It’s been a while since I’ve sculpted a polymer clay baby, and looking back at my previous sculptures, I’m happy to see my skills progressing. But there’s still so much that throws me off when it comes to these tiny creatures. Facial features, the little nose, ears…
And since the best way to learn is to practice, practice, practice, I’m starting another polymer clay baby sculpture in the hopes that you, my reader, will be generous enough with your comments and critiques to help me improve.
July Fairy Baby
I’m starting this sculpture without a clear idea of the final product. My one goal is to improve my baby-face sculpting skills, particularly the facial feature shape and placement.
I will be using this baby from the Magic Sculpture site as a reference for general size and placement of body parts.
Sculpting The Face
I created a very basic armature of galvanized steel wire covered in aluminum foil.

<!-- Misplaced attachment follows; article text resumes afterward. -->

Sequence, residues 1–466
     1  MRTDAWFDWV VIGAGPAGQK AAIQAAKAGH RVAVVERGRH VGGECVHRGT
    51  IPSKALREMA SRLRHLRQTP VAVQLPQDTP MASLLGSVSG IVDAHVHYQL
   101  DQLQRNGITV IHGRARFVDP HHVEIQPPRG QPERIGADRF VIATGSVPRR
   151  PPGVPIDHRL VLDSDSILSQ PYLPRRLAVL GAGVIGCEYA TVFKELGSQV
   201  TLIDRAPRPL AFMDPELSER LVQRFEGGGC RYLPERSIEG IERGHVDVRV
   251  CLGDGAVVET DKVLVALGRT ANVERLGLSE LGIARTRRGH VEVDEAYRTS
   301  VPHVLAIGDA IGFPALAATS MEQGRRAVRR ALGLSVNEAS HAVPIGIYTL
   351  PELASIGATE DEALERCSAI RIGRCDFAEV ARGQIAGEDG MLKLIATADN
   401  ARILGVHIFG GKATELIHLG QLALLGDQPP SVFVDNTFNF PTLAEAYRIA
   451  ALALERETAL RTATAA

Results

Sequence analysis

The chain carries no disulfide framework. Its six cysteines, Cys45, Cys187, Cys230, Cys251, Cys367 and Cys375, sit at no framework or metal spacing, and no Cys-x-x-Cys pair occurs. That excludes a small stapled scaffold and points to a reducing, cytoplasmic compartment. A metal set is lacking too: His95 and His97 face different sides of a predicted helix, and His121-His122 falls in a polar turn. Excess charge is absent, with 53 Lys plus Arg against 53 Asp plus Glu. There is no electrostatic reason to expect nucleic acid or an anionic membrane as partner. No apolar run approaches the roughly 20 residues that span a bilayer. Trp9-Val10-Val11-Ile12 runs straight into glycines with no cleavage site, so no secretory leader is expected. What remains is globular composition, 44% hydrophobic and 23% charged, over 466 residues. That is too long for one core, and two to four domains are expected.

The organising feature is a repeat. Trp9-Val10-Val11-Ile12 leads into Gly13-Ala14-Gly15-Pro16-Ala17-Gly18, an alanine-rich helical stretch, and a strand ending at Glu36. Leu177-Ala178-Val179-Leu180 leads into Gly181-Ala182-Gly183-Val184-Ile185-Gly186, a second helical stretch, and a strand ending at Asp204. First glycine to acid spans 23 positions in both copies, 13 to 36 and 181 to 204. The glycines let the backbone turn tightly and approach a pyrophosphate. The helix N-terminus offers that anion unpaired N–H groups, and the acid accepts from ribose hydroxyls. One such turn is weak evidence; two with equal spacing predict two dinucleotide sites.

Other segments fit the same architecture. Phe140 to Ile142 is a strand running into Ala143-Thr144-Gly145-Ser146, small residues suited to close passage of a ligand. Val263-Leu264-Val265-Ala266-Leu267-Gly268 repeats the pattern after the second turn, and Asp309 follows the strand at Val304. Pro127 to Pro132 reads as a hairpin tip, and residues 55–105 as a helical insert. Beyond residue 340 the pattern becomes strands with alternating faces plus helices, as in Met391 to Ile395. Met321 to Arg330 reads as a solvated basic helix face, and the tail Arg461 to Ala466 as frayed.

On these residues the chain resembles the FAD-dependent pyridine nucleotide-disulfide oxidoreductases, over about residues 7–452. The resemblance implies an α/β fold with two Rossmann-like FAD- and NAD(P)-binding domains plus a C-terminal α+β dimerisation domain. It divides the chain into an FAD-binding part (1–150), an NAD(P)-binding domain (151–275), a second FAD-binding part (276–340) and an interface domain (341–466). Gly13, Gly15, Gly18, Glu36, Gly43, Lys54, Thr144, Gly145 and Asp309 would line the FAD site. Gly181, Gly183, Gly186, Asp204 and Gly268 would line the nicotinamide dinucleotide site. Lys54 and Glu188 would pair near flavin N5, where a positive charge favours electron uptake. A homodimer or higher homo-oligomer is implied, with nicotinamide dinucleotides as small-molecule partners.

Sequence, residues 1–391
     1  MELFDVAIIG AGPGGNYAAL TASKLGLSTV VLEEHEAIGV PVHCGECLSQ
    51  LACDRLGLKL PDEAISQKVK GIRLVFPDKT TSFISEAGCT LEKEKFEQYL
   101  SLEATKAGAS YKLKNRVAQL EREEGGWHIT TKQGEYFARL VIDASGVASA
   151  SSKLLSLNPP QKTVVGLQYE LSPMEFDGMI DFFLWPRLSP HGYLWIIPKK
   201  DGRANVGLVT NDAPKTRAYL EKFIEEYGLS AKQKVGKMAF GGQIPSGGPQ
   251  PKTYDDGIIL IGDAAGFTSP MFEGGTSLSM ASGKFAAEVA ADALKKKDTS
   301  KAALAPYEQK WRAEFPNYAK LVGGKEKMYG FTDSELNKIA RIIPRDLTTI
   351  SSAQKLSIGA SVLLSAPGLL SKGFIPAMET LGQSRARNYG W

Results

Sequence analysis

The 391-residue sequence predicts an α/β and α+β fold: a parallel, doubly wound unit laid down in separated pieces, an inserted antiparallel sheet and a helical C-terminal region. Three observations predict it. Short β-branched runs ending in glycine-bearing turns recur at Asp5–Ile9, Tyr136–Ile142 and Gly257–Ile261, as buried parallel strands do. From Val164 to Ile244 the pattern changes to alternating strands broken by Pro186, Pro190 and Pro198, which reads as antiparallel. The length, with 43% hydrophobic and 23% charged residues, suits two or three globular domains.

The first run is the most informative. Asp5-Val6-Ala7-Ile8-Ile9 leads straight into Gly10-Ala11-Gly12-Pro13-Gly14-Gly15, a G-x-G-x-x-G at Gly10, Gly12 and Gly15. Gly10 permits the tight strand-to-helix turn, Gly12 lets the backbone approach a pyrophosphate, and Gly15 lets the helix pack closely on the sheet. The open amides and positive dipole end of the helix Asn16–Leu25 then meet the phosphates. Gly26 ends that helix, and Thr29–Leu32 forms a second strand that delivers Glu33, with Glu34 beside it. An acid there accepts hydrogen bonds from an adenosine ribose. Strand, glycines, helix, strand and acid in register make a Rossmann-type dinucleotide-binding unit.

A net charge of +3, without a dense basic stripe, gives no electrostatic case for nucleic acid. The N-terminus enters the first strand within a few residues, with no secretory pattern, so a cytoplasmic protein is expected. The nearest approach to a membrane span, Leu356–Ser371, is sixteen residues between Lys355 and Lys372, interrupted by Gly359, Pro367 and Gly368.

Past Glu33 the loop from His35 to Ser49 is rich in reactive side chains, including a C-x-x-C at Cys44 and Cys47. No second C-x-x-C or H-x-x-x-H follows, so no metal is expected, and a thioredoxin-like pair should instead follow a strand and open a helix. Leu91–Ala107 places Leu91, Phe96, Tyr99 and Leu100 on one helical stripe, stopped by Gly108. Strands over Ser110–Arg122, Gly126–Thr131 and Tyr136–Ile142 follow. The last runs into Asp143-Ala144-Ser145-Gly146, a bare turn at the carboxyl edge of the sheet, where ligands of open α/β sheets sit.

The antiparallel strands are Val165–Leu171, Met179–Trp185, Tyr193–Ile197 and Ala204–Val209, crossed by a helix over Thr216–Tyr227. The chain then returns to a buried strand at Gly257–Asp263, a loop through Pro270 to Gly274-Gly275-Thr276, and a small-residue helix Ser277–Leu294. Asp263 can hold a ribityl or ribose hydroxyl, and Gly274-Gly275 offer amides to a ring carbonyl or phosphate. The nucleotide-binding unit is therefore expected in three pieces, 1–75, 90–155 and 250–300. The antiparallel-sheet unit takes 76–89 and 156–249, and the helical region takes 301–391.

I’m experimenting with a sculpting method I’ve recently discovered – adding small bits of clay to slowly build up the features. I softened the clay with translucent liquid sculpey (TLS) so that it has more ‘give’. Alas I may have used too much liquid sculpey making the clay very sticky and mushy.
Con: The clay is very soft and easy to disfigure. Even the slightest touch results in a massive fingerprint indentation.
Pro: I love how easily I can manipulate the soft clay. For a beginner this is a must as there is so much pushing and pulling, trial and error. The soft clay allows me to build up the features and move clay around with just a soft brush stroke.
I spent quite a bit of time, perhaps too much time building and placing the facial features.
I got so carried away with this face, I forgot to look at the time and wound up rushing to prepare for the arrival of chemistry student (my alter-ego Leah4sci is a private science teacher)
I typically rest half-finished sculptures on my sculpting glass. But given the soft and fragile nature of this face, I chose to prop it up with my baking forceps to prevent any squishing or flattening. I covered the face with saran wrap to prevent the accumulation of dust and debris.